September 23, 2022

Christ the Cornerstone

Strive to overcome indifference to people in need

Archbishop Charles C. Thompson

“Then Abraham said, ‘If they will not listen to Moses and the prophets, neither will they be persuaded if someone should rise from the dead’ ” (Lk 16:31).

Pope Francis frequently challenges us to pray for the grace to overcome the sin of indifference. When evil is happening all around us, or when we ourselves commit sins whose seriousness we deny, the resulting indifference can itself be gravely sinful.

Many of the sayings and parables of Jesus seek to open our eyes to this sinful condition.

The Good Samaritan (Lk 10:25-37) is an excellent example. A man is brutally beaten and robbed and left for dead. Two righteous men, a priest and a Levite who were preoccupied with maintaining ritual purity, pass him by without offering so much as a kind word or the promise to send help.

Because of their indifference to the suffering of a fellow countryman, they are guilty of aiding and abetting the evildoers who committed the actual crime. Only because of the kindness and generosity of a stranger from Samaria does the parable’s victim get the help he needs.

The Gospel reading for this Sunday (Lk 16:19-31), the Twenty-Sixth Sunday in Ordinary Time, also calls our attention to the seriousness of the sin of indifference.

The story of the unnamed rich man, “who dressed in purple garments and fine linen and dined sumptuously each day,” but who ignores the plight of a poor man, Lazarus, “lying at his door covered with sores, who would gladly have eaten his fill of the scraps that fell from the rich man’s table” (Lk 16:19-21) is an account of what can happen if we are indifferent to the needs of others.

The parable makes it clear that a life totally dedicated to self-satisfaction leads to the torment of loneliness and pain. No amount of pleading for mercy after the fact can mitigate the negative consequences of our indifference. In fact, while “death-bed conversions” are certainly possible, they are not something we should rely on. As the rich man learns the hard way, it’s much better to see the light, and change our ways now, than when it may be too late.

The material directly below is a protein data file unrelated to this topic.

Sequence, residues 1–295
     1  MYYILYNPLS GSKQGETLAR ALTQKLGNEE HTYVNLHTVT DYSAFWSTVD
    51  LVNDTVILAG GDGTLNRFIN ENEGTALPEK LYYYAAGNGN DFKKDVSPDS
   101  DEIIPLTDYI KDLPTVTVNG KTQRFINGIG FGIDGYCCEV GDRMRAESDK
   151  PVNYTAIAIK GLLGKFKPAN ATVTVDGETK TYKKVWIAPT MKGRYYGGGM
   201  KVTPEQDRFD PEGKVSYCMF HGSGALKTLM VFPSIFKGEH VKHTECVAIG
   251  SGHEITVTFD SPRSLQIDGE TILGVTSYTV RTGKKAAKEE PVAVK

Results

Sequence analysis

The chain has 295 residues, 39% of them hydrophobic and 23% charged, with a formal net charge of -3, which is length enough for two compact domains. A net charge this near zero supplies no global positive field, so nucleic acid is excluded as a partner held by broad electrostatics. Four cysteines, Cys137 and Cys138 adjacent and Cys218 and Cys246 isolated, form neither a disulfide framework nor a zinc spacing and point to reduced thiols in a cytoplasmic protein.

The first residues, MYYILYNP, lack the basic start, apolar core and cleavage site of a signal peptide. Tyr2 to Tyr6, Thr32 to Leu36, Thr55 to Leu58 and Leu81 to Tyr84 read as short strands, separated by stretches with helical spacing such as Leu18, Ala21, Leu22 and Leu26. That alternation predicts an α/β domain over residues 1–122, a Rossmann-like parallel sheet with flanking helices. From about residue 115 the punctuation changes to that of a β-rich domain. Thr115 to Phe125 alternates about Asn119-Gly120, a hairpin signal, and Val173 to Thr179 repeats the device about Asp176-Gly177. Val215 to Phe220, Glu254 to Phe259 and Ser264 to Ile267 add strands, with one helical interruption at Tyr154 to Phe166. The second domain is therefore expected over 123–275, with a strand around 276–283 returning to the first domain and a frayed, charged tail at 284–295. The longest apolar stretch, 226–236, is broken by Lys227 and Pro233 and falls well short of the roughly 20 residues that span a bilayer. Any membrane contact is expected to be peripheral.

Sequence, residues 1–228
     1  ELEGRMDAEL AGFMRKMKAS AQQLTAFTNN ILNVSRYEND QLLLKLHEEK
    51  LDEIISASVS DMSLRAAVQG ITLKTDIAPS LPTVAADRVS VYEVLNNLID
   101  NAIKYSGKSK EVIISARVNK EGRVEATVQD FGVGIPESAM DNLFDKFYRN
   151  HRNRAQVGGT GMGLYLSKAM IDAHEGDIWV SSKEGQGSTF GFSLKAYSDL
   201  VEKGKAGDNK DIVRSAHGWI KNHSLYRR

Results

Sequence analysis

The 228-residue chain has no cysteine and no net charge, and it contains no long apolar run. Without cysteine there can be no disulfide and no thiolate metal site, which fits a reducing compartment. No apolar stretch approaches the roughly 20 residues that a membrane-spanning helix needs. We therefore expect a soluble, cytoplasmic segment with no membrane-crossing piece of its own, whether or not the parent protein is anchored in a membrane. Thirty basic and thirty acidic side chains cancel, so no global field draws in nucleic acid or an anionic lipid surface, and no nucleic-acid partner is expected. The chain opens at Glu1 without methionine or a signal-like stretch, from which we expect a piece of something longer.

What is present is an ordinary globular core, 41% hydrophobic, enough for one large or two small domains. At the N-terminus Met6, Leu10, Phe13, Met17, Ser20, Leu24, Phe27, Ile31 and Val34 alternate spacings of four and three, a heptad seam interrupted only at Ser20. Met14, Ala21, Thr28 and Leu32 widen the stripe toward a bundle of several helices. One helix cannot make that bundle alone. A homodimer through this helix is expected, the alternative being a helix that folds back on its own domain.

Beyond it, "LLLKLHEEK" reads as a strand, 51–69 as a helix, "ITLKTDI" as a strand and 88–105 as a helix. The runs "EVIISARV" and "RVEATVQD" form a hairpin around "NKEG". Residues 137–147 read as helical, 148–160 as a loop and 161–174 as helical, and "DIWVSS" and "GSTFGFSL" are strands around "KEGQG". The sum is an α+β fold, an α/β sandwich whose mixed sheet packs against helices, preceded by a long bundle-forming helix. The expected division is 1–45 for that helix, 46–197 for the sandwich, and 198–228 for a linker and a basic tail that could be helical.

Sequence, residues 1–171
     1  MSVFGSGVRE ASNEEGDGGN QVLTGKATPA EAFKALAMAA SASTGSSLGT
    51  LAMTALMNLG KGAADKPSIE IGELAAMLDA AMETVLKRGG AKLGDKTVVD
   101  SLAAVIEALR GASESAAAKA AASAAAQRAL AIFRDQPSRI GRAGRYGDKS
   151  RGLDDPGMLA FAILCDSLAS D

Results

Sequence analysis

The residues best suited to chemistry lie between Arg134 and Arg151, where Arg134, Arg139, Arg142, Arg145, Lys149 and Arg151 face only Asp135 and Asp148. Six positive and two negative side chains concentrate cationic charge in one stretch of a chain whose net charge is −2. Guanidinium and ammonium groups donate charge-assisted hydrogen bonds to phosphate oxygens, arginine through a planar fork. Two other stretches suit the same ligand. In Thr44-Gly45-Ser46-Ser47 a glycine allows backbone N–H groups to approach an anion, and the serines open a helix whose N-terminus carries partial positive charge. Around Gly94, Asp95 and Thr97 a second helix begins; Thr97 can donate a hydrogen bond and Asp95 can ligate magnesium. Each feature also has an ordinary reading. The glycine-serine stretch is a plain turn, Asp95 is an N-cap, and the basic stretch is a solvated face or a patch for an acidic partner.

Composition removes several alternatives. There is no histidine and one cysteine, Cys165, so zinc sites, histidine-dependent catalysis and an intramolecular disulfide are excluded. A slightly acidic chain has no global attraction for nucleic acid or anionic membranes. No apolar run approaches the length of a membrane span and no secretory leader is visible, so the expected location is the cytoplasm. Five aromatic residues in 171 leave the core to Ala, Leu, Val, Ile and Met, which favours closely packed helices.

This Sunday’s first reading from the Book of the Prophet Amos is equally stark in its description of what can happen to us if we ignore the needs of others:

“Thus says the Lord, the God of hosts: Woe to the complacent in Zion! Lying upon beds of ivory, stretched comfortably on their couches, they eat lambs taken from the flock, and calves from the stall! Improvising to the music of the harp, like David, they devise their own accompaniment. They drink wine from bowls and anoint themselves with the best oils. … Therefore, now they shall be the first to go into exile, and their wanton revelry shall be done away with” (Am 6:1, 4-7).

Complacency, lying on our comfortable couches and focusing on satisfying our own self-centered desires, is a recipe for disaster.

In Jesus’ parable, Abraham tells the rich man plainly what the situation is: “You received what was good, Lazarus what was bad; now he is comforted, whereas you are tormented” (Lk 16:25).

Most of us react badly to this story. The rich man didn’t do anything. His punishment seems unfair. But, of course, this is the point. The rich man didn’t do anything when he clearly could have. He didn’t even give Lazarus, who was homeless and starving, the scraps from his table. Not doing anything can be seriously sinful, and our Lord lets us know that we will be held accountable for our sins of omission.

The Gospel of Jesus Christ is always good news. But it is often “hard news” as well. None of us likes to hear that we will be held accountable for things that we think are beyond our control. What can we do about the complex social problems of our time—including hunger, homelessness, illness, drug addiction, racism, gun violence, human trafficking and so much more? Jesus does not expect us to solve all these problems by ourselves, but he does tell us—in no uncertain terms—that we cannot do nothing!

Prayer is a powerful action that is available to everyone. So is advocacy (urging elected officials to affect change).

Finally, every baptized Catholic has an obligation “to do something”—whatever he or she can to help our sisters and brothers in need. What can we do? Many opportunities are available to us through our parishes and Catholic social service agencies. We should become familiar with these opportunities and do whatever we can to help.

Let’s ask the Holy Spirit to help us resist the powerful temptation to be indifferent and “do nothing.” †

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